Author(s): TousignantLaflamme Y, Marchand S
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Abstract Rehabilitation professionals are currently using heart rate (HR) in order to assess the sincerity of effort in certain evaluations. It has been shown that a relation exists between HR and pain but no study has measured cardiac response during both clinical and experimental pain among a patient population using an intra-subject design. Thirty patients with low back pain (LBP) participated in this study including 16 men. Clinical pain was induced by applying a postero-anterior pressure (PA) on a painful lumbar segment for 15 and 30s in order to reproduce the patient's typical LBP at an intensity ranging between 50 and 70/100. Experimental pain was induced with a 15s thermal stimulus at a temperature which reproduced the same pain intensity as the 15s PA. For both reproduced clinical pain durations, we observed a rise in HR ranging between 8.5\% and 12.67\%. However, unlike men, women's cardiac response failed to show a constant rise in HR during the 30s PA. For all subjects, the rise in HR was much lower during the experimental pain condition (p<0.001), reaching only 5\%. On the other hand, galvanic skin responses were significantly higher during the experimental pain condition (p<0.001). During this same condition, women also had a greater rise in galvanic skin responses than men (p=0.04). Finally, a significant correlation was found between both types of pain. These results suggest that pain induced during a clinical evaluation will produce a significant HR augmentation. However, heart rate variability analysis showed greater sympathetic cardiac regulation for men. The sex differences observed in this study call for caution when interpreting HR during pain assessment.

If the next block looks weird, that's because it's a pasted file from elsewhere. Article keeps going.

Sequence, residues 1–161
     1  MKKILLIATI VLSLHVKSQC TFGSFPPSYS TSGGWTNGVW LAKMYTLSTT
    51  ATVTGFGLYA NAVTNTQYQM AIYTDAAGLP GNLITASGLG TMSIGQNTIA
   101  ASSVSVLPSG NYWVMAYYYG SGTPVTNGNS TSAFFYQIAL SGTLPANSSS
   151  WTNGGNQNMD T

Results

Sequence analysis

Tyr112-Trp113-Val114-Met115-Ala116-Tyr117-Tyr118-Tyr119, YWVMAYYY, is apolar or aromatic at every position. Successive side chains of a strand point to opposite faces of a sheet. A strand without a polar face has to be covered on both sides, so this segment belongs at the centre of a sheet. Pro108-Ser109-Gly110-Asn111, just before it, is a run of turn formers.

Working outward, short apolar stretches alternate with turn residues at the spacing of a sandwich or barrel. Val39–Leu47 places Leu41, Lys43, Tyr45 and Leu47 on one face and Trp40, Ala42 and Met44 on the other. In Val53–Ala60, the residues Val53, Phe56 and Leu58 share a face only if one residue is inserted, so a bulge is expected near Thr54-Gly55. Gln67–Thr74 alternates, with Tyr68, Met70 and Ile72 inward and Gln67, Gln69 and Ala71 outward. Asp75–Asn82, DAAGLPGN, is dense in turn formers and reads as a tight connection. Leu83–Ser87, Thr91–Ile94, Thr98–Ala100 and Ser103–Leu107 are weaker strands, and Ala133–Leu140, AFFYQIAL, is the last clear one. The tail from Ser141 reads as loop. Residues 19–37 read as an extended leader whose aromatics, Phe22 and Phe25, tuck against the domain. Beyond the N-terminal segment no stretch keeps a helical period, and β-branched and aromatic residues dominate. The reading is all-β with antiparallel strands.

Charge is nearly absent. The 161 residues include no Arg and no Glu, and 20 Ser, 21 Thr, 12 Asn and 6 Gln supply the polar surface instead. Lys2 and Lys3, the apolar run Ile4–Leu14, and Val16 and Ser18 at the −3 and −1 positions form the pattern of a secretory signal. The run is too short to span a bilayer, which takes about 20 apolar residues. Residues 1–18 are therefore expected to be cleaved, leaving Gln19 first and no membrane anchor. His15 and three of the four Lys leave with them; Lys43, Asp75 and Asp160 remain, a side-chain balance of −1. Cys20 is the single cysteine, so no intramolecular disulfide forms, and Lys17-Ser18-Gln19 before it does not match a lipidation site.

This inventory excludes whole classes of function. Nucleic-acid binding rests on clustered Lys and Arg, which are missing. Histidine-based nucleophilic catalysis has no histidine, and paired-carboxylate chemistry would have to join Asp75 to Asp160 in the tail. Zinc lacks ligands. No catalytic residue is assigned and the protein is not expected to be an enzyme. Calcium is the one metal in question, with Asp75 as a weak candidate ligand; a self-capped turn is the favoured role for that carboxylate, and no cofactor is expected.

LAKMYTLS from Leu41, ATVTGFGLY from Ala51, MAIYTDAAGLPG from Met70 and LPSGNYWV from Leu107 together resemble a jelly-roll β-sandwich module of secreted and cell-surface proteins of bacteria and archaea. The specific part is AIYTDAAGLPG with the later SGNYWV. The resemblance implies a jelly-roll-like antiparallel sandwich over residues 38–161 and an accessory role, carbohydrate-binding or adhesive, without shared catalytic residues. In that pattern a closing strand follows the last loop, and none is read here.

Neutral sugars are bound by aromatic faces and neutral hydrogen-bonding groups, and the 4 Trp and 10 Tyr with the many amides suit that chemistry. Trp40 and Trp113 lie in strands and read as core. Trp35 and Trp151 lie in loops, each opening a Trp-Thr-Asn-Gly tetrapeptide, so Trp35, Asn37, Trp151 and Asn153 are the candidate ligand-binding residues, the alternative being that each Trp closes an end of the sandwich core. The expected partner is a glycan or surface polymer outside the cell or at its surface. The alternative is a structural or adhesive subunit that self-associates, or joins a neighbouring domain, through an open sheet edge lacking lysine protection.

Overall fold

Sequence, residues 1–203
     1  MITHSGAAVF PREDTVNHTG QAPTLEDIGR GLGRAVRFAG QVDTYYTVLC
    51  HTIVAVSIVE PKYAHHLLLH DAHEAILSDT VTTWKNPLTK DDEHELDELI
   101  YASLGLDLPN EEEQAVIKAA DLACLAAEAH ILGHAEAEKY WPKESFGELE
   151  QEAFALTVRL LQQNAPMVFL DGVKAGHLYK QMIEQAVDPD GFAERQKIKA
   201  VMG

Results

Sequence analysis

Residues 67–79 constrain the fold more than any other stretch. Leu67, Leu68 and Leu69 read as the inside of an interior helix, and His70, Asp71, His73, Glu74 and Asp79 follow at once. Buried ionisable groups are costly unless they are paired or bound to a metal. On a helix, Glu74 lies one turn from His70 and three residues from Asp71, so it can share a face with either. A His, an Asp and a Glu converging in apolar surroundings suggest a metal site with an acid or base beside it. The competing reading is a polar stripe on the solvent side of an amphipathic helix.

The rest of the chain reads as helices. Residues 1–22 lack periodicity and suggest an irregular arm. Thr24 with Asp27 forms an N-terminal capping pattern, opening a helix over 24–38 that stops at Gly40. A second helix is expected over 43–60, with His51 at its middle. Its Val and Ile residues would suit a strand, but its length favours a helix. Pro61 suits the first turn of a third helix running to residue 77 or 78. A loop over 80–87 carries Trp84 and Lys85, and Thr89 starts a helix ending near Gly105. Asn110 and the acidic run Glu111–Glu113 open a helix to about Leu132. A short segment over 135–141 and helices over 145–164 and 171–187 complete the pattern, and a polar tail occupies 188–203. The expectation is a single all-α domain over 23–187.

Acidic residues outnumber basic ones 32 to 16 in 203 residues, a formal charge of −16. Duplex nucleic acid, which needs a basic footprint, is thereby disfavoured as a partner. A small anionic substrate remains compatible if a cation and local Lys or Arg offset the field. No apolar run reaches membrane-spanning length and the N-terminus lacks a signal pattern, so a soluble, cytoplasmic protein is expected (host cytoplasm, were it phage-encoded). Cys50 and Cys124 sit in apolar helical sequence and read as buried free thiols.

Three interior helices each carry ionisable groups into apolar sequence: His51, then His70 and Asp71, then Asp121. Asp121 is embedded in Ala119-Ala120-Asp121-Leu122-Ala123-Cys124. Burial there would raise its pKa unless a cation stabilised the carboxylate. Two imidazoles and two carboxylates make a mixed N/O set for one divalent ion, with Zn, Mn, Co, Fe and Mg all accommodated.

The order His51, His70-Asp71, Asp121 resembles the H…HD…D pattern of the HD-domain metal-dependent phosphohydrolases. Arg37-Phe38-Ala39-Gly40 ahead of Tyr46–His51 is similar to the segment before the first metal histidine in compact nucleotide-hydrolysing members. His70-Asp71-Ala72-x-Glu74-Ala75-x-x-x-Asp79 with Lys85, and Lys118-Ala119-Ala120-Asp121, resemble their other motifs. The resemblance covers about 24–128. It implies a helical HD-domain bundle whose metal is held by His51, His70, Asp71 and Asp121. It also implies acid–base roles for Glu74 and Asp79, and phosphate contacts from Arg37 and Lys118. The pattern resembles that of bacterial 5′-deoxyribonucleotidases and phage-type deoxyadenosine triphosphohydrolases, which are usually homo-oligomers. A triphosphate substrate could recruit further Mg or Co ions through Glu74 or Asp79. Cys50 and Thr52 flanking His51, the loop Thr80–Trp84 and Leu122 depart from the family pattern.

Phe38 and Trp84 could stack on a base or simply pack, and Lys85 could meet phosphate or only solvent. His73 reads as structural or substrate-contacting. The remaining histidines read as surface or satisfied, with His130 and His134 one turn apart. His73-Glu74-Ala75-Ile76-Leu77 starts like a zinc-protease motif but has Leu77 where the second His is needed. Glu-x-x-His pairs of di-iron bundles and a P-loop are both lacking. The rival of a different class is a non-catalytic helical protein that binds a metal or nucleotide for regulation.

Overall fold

This article was published in Eur J Pain
and referenced in Journal of Anesthesia & Clinical Research